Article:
Posted on 16.05.14 By Sarah Krasnostein

The New York City Municipal Archives

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It’s hard to get real jazzed about anything with the word ‘municipal’ in it. But when I talk about this website, the excitement in my voice is so high that I’m always on the verge of a yodel. Stay with me.

Susan Sontag said, about photography, that ‘one can’t possess the present but one can possess the past’. Thanks to the New York City Municipal Archives, we can all possess a piece of New York. In 2012, it launched an online database of over 870,000 photos from its collection of over 2.2 million images of New York during the 20th century (there are audio records here, but more on that later).

The thing that makes the great cities great is not just different people co-existing in the same time and space. It’s also the fact that different times co-exist in the same space. This is what Walter Benjamin, the great German critic exiled in Paris during the 1930s, meant when he described the past, present and future of that city as a continuum. Benjamin would’ve lost his mind over this  Database.

The past is not a foreign country; it is the air we breathe and sometimes choke on. These photos show that when we stroll through Washington Square Park, or across the Brooklyn Bridge, or down the Bowery, we are walking back through time. Humans are great like that – not only can we say that WE BUILT ALL OF THIS! but we can also defy the laws of physics.

Sometimes, though, it doesn’t work like that. Because though the light is the same, and the sidewalks are the same, and the farmers’ markets and the beards are certainly the same, we are different. Take, for example, the old Penn Station. Or the 1938 photo of the Lower Manhattan skyline at night. Take its Twin Towers–shaped hole that doesn’t even know yet that it’s a hole. Things looked the same after 9-11 and very, very different. Changing cityscapes remind us that absence is a presence, like dark matter or black holes. But the outline of what we’ve lost is traced by what remains and what continues. And that is all the tragedy and all the glory of human history.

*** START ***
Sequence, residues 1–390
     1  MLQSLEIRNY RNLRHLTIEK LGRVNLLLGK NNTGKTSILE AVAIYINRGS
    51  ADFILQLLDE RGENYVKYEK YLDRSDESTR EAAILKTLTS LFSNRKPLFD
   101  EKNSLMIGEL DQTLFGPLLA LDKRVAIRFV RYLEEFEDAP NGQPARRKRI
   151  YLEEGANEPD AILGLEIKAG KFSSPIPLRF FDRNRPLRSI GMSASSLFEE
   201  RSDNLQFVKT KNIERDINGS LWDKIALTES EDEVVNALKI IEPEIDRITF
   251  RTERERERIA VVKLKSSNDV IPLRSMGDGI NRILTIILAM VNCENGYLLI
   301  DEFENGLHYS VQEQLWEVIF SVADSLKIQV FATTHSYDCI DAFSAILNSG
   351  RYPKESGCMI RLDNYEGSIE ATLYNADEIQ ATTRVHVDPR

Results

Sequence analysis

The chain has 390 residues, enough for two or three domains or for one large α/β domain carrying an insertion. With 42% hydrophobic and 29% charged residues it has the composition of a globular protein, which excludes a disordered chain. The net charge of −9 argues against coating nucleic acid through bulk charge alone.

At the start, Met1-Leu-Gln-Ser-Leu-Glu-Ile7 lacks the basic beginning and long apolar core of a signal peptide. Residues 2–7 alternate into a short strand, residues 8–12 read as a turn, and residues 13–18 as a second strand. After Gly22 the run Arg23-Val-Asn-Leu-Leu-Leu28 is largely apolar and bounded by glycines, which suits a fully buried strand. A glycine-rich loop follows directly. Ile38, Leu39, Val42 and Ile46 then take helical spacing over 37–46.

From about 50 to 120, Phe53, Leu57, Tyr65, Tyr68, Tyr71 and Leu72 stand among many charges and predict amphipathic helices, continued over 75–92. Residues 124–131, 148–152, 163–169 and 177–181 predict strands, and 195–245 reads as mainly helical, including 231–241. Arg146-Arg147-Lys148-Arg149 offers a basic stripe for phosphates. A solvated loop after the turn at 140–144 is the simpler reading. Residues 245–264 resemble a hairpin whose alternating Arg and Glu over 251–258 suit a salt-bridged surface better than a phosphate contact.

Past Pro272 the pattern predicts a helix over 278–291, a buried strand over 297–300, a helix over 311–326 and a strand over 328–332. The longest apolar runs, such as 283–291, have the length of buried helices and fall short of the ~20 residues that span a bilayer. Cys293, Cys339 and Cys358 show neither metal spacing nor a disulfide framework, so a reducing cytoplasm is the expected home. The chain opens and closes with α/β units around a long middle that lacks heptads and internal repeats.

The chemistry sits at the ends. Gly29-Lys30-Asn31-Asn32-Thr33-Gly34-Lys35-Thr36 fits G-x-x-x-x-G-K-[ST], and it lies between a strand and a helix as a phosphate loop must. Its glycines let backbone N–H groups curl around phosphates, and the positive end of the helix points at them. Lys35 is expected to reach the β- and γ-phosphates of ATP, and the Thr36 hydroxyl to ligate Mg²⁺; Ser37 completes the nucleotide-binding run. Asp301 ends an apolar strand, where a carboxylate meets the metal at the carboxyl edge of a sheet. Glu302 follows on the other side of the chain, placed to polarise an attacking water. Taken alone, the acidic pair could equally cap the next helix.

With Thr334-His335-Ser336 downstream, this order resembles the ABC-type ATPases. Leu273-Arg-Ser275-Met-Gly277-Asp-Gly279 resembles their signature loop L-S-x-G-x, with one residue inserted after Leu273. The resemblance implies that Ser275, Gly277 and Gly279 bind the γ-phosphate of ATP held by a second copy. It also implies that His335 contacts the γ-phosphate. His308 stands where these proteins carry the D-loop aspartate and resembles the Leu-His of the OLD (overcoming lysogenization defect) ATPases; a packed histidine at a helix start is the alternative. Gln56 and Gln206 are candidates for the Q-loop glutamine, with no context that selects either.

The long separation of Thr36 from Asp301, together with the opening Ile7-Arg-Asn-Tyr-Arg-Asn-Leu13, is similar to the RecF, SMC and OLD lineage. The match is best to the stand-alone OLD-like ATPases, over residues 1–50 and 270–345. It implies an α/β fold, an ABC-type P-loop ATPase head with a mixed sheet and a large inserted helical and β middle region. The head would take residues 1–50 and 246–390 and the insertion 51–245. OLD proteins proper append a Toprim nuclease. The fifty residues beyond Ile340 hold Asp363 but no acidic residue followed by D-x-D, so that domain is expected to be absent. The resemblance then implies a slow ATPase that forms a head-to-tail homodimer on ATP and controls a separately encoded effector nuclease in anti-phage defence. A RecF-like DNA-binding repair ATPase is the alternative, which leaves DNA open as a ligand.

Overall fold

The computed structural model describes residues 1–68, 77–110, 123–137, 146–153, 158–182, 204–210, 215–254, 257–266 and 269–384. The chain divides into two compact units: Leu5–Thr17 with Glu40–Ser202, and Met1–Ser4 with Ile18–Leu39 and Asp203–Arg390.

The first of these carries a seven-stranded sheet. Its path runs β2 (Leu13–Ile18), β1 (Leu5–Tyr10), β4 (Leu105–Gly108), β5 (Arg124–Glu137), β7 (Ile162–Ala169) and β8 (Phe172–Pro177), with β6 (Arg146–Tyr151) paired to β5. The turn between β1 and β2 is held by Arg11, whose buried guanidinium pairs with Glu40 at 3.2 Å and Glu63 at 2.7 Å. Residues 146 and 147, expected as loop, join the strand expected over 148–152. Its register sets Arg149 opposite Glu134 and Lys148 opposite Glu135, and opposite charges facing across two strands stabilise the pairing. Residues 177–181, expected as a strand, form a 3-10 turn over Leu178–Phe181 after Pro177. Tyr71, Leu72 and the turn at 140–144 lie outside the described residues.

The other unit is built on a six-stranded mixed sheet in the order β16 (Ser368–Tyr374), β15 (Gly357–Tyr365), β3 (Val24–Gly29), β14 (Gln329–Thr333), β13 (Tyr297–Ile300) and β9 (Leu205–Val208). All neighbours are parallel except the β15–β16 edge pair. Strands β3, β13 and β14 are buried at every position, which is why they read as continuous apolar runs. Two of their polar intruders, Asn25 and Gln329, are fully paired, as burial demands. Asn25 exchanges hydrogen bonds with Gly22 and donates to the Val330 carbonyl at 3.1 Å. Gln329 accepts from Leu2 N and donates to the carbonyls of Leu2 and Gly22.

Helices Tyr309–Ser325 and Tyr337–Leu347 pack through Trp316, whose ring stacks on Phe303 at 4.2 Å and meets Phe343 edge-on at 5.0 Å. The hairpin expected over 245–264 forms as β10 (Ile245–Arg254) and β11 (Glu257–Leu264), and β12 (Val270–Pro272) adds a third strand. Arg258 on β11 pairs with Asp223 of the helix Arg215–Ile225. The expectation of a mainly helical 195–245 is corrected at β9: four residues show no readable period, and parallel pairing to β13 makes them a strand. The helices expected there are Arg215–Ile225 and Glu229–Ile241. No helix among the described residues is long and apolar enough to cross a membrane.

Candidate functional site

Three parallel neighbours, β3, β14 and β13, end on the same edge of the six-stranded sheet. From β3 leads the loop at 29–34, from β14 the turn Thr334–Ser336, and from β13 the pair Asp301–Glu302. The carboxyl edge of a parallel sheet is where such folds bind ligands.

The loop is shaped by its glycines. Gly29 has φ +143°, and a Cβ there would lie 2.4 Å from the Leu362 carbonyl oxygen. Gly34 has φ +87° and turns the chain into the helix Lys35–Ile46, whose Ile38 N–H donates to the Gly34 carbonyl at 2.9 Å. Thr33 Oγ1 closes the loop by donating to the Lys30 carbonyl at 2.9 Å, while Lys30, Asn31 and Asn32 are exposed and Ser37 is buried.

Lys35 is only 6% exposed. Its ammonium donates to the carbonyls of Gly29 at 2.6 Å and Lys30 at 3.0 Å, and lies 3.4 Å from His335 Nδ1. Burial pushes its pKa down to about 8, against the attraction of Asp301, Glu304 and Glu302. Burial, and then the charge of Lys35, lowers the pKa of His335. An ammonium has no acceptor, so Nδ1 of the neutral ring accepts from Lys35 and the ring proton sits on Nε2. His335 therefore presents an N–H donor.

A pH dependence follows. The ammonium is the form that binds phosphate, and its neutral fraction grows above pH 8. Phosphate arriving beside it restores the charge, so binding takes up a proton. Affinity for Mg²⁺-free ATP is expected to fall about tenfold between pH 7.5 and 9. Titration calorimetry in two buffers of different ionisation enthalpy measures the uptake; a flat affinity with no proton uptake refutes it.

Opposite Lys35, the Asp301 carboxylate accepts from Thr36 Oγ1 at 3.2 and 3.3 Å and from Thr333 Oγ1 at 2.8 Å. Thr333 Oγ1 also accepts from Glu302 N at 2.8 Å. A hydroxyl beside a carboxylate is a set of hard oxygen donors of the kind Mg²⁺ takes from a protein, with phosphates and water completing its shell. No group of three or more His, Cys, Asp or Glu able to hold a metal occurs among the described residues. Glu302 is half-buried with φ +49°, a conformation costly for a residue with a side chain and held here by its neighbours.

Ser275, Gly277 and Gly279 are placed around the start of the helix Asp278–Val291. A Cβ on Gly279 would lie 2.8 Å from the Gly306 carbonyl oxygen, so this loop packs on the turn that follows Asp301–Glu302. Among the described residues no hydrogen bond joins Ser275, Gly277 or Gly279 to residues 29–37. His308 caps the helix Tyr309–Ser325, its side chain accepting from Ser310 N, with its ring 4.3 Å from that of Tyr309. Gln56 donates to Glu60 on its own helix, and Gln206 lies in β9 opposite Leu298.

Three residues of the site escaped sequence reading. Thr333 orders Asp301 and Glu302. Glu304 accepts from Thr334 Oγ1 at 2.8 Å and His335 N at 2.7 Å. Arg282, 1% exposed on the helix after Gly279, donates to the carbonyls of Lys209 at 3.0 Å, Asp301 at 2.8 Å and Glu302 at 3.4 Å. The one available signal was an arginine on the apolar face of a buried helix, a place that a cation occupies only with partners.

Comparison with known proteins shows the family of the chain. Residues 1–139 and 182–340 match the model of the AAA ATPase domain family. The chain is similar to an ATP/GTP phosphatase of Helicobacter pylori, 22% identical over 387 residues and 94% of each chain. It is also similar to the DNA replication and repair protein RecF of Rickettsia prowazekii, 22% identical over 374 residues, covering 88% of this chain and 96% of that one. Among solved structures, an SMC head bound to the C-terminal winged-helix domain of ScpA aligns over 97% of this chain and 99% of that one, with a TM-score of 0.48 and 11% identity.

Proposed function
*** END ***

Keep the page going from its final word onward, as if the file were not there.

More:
Some of the Archive’s images will offend. Others will delight. Still others will lull you into a micronap. But together they testify that New York City – like everyone anywhere – is an infinite text.  And that while our histories are sometimes written in monumental gestures, mostly they are just a collection of tiny moments like the ones captured here. For example:

The 1899 death certificate of Henry Hale Bliss, the first person in America to be killed by a car

 Dizzy Gillespie, in a tam-o-shanter, on the steps of City Hall

Mug shots of ‘Wolf’, a child of great gravitas in tiny suit and hat

Antoiniette Bufo, young girl with bangs (1937)

A fingerprint on a knife, 1916

The Sanitation Department baseball team

A book binder named Ralph

So stop here and take up – and take heart in – the Department of Records’ invitation to “return frequently as new content will be added on a regular basis”.


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